It is not known how many soldiers Moscow has trained for drone combat. However, Russian military bloggers are complaining about the ongoing shortage of personnel. That is why thousands of soldiers and volunteers have already been trained as drone operators in crash courses without the Ministry of Defense. Handling drones should now even become a school subject.

How many drones are worn out in war?

The Ukrainian side puts the need for reconnaissance drones at a good 200,000 units per year. In most cases, Chinese drones are used. At the front, 40 to 45 reconnaissance drones are said to be lost every day. The Ukrainian plan also envisages a monthly production of 10,000 to 15,000 live video controlled first-person-view drones.

At the same time, however, soldiers at the front complain that there is an acute shortage of drone technology and that the Russian army has now caught up after an initial deficit. However, even here the losses are enormous. According to the Russian military blogger Boris Roshin, the lifespan is around two weeks. The more expensive attack drones are used in smaller numbers, but Russia is said to have fired about 3,500 of them, including around 2,100 Shahed.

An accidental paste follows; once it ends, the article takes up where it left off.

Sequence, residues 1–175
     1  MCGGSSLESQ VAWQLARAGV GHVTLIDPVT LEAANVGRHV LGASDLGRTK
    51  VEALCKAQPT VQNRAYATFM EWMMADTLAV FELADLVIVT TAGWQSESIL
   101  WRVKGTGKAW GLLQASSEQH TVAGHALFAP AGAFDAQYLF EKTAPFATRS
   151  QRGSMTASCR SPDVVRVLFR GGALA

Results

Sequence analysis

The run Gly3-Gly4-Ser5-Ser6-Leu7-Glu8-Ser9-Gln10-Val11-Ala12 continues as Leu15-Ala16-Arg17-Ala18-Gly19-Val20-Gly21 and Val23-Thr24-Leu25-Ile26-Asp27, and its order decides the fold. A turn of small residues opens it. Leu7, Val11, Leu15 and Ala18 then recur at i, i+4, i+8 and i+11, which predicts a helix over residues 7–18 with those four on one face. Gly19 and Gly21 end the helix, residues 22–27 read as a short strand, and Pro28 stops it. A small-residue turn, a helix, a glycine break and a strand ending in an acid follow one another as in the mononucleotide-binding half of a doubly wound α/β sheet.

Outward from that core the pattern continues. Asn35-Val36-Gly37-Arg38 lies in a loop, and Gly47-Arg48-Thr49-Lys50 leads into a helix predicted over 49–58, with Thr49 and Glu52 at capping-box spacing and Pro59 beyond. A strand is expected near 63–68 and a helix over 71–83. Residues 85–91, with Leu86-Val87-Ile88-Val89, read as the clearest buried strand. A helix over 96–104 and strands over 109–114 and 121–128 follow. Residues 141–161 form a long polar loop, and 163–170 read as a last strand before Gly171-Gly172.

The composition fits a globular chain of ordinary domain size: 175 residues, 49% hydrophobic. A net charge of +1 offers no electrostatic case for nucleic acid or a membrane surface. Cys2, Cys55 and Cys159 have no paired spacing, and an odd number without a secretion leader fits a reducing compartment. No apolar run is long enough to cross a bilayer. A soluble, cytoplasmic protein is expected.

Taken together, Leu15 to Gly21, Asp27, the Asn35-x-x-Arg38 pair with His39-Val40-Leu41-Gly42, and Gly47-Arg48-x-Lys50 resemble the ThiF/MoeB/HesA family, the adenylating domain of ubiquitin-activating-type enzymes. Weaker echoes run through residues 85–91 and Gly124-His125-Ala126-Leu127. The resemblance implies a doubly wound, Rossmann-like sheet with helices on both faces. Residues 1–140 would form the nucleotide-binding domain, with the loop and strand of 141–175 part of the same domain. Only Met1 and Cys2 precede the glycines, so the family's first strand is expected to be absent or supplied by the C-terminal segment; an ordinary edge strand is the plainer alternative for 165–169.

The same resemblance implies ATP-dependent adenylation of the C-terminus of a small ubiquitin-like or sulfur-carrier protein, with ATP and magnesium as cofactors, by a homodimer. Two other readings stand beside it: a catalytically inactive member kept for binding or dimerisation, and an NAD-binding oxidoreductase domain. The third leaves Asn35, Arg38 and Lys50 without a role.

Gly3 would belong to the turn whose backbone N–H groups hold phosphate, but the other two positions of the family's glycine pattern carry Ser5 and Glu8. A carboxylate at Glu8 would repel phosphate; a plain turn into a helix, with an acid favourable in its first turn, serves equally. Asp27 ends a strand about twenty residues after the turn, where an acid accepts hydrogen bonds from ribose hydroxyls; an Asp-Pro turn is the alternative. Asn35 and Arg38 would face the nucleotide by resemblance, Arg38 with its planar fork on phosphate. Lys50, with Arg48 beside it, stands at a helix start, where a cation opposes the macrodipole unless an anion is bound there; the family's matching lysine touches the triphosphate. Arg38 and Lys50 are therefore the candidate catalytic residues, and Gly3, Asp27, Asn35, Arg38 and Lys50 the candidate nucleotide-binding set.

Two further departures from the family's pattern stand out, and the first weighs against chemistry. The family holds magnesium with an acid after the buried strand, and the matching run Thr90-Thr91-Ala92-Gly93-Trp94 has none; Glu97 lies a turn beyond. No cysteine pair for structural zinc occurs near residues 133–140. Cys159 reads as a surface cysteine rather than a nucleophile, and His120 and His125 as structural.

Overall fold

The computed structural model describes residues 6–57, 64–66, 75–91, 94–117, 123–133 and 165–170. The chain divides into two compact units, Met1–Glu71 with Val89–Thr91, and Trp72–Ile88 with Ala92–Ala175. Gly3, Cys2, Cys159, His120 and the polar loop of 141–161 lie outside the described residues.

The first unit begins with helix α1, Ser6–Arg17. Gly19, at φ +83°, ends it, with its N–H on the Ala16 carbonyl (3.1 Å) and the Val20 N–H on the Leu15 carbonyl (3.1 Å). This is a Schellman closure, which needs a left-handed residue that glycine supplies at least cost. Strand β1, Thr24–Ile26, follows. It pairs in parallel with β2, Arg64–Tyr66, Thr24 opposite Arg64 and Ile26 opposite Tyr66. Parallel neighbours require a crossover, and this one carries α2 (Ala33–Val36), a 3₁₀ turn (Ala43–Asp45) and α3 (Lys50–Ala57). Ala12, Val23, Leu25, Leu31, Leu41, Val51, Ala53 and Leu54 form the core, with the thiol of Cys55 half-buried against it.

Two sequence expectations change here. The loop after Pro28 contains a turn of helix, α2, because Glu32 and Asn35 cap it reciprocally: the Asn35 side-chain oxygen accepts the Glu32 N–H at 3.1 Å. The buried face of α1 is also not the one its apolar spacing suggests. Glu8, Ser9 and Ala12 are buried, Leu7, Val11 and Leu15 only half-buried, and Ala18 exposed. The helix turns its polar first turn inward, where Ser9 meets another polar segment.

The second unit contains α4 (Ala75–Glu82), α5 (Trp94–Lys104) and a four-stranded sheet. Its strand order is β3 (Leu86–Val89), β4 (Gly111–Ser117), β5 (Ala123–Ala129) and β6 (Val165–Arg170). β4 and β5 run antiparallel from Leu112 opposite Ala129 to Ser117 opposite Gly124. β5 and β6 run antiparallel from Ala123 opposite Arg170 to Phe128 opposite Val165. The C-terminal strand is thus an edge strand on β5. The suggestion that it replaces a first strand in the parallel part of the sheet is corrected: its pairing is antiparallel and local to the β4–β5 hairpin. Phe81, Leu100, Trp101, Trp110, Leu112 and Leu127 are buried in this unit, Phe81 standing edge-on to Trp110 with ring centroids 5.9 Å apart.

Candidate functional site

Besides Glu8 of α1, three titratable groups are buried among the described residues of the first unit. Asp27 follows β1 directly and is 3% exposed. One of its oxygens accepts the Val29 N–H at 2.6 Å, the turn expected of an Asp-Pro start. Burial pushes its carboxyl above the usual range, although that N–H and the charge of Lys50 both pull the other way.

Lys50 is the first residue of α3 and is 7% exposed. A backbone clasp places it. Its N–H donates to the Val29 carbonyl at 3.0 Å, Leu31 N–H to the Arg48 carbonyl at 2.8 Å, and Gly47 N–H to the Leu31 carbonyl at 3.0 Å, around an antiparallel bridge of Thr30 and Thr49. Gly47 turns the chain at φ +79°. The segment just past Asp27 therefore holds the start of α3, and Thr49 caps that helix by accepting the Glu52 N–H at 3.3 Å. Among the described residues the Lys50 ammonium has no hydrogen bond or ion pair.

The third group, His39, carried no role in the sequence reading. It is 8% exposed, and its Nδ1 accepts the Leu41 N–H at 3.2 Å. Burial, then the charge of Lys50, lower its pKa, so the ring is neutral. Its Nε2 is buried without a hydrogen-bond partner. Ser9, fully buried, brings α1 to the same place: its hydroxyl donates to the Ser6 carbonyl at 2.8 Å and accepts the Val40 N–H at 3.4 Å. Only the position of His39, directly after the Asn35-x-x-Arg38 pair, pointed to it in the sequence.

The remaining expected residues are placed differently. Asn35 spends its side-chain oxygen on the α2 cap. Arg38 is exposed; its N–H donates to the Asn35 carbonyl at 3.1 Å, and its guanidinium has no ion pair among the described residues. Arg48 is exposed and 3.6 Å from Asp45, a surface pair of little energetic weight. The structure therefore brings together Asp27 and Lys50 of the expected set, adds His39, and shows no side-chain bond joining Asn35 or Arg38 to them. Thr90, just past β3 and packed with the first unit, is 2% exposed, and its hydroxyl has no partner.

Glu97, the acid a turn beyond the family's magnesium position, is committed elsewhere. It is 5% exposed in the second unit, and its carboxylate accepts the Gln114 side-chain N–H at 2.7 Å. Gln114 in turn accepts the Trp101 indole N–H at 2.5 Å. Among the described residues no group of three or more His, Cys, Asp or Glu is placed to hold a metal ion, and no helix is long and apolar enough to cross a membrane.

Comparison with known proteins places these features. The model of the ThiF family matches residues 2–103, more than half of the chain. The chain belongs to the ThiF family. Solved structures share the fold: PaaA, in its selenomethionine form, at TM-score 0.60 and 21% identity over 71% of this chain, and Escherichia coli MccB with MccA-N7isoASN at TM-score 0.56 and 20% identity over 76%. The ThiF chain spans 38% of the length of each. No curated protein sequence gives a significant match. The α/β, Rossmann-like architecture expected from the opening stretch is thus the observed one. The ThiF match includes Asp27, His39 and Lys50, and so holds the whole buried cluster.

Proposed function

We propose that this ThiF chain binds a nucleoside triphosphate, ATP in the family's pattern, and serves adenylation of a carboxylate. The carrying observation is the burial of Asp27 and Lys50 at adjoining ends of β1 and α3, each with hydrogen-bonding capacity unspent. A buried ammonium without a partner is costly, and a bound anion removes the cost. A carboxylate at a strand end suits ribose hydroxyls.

Are there only flying drones?

No, especially in the attacks on Crimea, Kiev has repeatedly relied on floating drones. These unmanned machines are lowered into the water and guided by remote control to military and infrastructure objects such as the Crimean Bridge. The principle is the same as in the air: high damage is to be caused at low cost and without own casualties and the enemy is to be forced to take complex defensive measures. On land, too, there are repeated attempts to use remote-controlled systems to transport supplies or to attack enemy positions from a safe distance.

Source: Stern